The approach has been misinterpreted by some to mean simply praising effort.

But that’s misunderstanding the thinking behind a growth mindset, Dweck said. Telling students, “Keep trying; you can do it,” doesn’t work, she said. Teachers instead should ask students these questions: “What strategies have you tried? What will you try next?” “It’s not just effort,” Dweck said. “You need strategies.”

Multimedia

Why Motivation and Deeper Learning Matter
New Lens on Learning: The Hidden Value of Motivation, Grit and Engagement

Why Motivation and Deeper Learning Matter

How do you create a good student? How do schools find ways for children to take criticism well, respond to feedback, and learn from mistakes? How does a child’s motivation and sense of self factor into a culture of learning? While schools are finding answers to these questions, there is no shortcut to creating classroom practices — and embracing a “growth mindset” is no panacea. So how can schools adapt the concepts that research shows go a long way toward improving student learning?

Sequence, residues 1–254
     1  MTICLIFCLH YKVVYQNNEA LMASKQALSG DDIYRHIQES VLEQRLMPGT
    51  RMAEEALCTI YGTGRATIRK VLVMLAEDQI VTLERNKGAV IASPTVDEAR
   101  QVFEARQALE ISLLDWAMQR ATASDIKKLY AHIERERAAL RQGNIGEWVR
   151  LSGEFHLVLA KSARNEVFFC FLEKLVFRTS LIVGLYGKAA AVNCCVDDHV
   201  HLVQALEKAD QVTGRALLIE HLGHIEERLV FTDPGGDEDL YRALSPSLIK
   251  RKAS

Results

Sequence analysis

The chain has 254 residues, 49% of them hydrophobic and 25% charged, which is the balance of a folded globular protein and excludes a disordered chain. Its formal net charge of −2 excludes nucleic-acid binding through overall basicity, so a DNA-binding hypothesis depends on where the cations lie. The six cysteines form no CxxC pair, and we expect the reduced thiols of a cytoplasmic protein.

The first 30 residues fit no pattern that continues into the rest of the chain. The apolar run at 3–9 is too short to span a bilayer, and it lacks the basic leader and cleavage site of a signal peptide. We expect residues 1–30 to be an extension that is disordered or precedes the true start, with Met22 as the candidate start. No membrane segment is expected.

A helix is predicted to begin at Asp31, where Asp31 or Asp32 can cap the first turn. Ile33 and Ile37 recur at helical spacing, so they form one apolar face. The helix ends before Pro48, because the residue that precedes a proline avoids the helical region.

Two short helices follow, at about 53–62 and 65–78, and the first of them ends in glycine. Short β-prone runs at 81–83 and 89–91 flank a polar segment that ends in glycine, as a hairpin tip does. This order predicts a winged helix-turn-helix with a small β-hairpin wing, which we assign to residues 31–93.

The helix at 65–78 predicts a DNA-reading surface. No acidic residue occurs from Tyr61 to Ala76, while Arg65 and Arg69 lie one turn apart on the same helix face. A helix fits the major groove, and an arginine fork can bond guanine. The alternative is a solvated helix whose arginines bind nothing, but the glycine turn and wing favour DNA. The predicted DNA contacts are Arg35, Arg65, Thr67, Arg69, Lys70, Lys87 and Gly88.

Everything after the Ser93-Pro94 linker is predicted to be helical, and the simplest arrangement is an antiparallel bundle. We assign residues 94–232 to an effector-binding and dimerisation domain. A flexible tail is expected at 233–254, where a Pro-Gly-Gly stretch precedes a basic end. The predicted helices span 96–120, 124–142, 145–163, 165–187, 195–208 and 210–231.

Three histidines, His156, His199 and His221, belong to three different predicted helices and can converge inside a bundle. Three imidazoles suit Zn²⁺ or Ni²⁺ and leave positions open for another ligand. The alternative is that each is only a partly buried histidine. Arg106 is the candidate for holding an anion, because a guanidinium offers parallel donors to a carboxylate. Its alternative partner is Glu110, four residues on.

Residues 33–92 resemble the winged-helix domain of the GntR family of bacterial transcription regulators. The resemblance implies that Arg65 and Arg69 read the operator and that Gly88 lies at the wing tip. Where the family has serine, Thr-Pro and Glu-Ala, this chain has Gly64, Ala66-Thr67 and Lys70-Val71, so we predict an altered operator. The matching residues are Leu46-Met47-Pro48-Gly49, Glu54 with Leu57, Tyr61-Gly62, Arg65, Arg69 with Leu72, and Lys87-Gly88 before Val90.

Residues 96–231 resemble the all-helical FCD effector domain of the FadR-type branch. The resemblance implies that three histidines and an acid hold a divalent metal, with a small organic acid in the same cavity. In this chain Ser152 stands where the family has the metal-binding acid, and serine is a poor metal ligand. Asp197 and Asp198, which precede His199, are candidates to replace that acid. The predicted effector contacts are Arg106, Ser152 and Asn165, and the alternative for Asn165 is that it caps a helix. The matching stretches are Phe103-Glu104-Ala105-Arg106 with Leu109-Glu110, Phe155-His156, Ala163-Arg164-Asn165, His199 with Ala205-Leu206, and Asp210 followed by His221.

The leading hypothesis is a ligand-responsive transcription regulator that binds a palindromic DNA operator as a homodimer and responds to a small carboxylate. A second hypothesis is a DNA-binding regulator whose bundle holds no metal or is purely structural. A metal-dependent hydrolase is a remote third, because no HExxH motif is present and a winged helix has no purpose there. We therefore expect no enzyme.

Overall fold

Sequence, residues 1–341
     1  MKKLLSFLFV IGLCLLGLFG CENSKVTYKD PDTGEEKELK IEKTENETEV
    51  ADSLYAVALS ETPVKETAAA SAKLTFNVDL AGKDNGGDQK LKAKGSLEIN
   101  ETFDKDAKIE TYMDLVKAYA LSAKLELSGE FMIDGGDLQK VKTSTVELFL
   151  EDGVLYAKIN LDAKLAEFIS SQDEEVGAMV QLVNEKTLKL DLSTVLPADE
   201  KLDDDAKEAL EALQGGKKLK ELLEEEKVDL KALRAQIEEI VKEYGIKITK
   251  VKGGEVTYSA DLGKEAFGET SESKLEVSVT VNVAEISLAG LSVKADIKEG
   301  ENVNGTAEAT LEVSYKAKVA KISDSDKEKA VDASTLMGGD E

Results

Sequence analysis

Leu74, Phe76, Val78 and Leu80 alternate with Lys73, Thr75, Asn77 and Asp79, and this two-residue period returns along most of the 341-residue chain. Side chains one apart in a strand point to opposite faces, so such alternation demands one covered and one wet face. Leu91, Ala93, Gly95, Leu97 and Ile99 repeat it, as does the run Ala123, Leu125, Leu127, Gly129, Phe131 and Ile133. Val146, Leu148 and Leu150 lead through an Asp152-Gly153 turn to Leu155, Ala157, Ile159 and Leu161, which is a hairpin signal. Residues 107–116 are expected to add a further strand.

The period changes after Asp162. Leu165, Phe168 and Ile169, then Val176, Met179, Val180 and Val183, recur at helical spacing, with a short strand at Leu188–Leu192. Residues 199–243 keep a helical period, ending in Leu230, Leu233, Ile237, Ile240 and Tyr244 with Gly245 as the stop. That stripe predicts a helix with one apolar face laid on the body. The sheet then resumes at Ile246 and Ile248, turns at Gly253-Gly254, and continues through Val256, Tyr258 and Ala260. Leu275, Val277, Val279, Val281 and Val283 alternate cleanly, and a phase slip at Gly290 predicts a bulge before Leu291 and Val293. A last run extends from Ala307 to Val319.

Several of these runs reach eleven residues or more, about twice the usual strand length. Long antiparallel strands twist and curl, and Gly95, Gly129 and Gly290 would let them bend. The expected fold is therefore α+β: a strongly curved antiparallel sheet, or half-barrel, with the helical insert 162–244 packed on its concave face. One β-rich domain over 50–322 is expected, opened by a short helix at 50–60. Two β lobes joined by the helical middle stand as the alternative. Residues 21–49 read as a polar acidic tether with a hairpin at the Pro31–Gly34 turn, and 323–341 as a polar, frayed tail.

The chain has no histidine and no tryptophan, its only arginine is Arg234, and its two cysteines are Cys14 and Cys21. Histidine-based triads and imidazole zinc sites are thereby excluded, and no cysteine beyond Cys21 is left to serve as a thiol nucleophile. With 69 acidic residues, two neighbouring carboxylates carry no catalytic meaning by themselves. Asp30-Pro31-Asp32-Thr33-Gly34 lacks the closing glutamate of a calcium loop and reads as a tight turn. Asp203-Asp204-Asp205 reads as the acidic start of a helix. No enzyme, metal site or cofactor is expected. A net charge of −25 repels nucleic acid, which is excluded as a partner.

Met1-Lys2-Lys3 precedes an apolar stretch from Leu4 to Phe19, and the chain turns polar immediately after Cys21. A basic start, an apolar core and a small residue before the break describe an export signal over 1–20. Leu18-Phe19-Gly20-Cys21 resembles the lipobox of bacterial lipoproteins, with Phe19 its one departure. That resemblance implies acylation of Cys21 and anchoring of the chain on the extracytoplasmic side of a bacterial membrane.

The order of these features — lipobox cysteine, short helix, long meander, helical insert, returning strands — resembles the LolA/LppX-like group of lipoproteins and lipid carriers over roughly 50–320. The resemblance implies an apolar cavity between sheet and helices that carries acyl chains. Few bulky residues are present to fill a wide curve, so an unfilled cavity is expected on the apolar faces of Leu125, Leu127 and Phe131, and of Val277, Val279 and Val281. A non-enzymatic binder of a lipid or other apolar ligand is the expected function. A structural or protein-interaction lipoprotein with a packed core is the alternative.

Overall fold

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How to Motivate Students — or Not
New Lens on Learning: The Hidden Value of Motivation, Grit and Engagement

How to Motivate Students — or Not

Carol Dweck, a distinguished professor and the scholar most associated with the now-widespread concept of “growth mindset,” talks about new studies on the impact the idea has had in education. How should a student learn from failure? If you tell students that the brain can be trained, will they feel encouraged to put in additional effort? And is feeling motivated even enough — what interventions are necessary when a student tries her best but isn’t comprehending the material?

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Get Schooled: Unlocking the Secrets of the Adolescent Brain
New Lens on Learning: The Hidden Value of Motivation, Grit and Engagement

Get Schooled: Unlocking the Secrets of the Adolescent Brain

Over the past decade research in neuroscience has provided an explosion of new knowledge and insights about the adolescent brain, shedding light on our understanding of teens’ complex neural state. Importantly, the field has focused on the development of neural circuits that underpin social, emotional, and motivational learning and how these systems change at the onset of puberty. These changes create not only vulnerabilities but also opportunities for learning.

Multimedia

Interventions in the Classroom: What Works, What Doesn’t — A Demonstration
New Lens on Learning: The Hidden Value of Motivation, Grit and Engagement

Interventions in the Classroom: What Works, What Doesn’t — A Demonstration